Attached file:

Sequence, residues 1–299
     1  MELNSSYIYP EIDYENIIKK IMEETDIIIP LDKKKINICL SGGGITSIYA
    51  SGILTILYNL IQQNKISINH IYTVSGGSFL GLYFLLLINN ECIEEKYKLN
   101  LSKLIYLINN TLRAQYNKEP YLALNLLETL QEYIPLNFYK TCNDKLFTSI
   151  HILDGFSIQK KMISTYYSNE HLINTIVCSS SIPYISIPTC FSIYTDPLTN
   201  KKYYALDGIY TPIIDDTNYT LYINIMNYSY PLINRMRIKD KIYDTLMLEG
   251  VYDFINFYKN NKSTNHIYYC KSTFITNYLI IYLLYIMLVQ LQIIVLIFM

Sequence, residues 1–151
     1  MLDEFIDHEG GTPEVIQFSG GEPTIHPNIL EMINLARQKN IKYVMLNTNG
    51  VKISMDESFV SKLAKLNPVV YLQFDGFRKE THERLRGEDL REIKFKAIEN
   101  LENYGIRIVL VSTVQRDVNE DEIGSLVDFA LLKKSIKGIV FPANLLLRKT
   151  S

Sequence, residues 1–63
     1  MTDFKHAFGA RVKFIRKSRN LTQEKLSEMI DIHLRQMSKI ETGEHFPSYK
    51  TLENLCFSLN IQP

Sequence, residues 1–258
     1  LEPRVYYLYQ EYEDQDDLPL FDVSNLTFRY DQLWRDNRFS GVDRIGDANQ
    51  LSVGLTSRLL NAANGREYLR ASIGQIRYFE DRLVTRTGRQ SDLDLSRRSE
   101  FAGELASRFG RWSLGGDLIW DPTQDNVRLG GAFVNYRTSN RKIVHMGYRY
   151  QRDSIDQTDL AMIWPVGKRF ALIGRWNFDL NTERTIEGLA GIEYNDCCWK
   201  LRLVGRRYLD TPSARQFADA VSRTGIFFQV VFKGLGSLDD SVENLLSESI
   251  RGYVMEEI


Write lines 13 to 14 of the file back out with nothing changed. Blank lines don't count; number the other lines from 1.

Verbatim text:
Sequence, residues 1–63
     1  MTDFKHAFGA RVKFIRKSRN LTQEKLSEMI DIHLRQMSKI ETGEHFPSYK